The IASB discussed additional work performed by the staff on a recommendation by the IFRS Interpretations Committee to amend IFRSs to clarify how an entity should resume presenting financial statements in accordance with IFRSs after a period when the entity was unable to comply with IFRSs because it had a functional currency that was subject to severe hyperinflation.
In these discussions, the IASB noted that the issue is:
- different from other concerns relating to the scope of IAS 29 Financial Reporting in Hyperinflationary Economies that have been raised by interested parties; and
- of greater significance to entities that are subject to severe hyperinflation than for entities with an interest in an entity that is subject to severe hyperinflation. Entities with an interest in an entity that is subject to severe hyperinflation have generally been able to find appropriate existing guidance in IFRSs.
Consequently, the IASB tentatively decided to amend IFRS 1 by providing an exemption that could be used when an entity resumes presenting financial statements in accordance with IFRSs after being subject to severe hyperinflation. This exemption would allow an entity to elect to measure assets and liabilities at fair value, and use that fair value as the deemed cost of those assets and liabilities in the opening IFRS statement of financial position.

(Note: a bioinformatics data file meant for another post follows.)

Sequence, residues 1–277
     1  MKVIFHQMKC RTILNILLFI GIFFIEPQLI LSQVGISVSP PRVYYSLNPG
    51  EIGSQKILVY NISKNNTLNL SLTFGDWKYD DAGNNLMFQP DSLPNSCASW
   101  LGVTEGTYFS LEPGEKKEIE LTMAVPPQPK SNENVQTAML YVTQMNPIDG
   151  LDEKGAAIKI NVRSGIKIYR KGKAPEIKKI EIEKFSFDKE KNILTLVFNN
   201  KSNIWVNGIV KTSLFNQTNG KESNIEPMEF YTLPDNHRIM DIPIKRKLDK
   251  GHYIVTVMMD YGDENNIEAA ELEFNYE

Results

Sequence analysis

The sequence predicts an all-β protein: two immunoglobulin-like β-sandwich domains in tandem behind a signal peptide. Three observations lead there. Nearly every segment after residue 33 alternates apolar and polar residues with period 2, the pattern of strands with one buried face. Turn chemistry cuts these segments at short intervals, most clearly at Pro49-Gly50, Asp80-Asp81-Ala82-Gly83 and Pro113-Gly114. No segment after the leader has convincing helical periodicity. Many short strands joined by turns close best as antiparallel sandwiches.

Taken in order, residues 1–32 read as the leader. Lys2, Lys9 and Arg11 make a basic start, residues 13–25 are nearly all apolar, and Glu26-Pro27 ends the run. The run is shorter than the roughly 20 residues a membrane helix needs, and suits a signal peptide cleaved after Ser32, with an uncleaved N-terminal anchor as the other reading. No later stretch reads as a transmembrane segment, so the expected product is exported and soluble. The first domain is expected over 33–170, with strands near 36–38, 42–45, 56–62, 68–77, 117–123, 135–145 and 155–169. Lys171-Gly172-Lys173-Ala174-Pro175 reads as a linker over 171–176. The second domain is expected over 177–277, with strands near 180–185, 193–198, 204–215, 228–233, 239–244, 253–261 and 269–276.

The IASB requested that the basis for conclusions should reflect that:
- the exemption is an election and that an entity may apply other guidance in IFRS 1 when measuring assets and liabilities in the opening IFRS statement of financial position; and
- the amendment does not provide guidance for entities affected by severe hyperinflation that are not within the scope of IFRS 1. Specifically, the Board did not make any tentative decisions on how, in the consolidated financial statements of parents, venturers and investors with an interest in an entity that was subject to severe hyperinflation, an entity should account for that interest.
The Board tentatively decided to publish an exposure draft with a 60-day comment period so that the guidance may be available on a timely basis for those jurisdictions that are currently affected by the issue.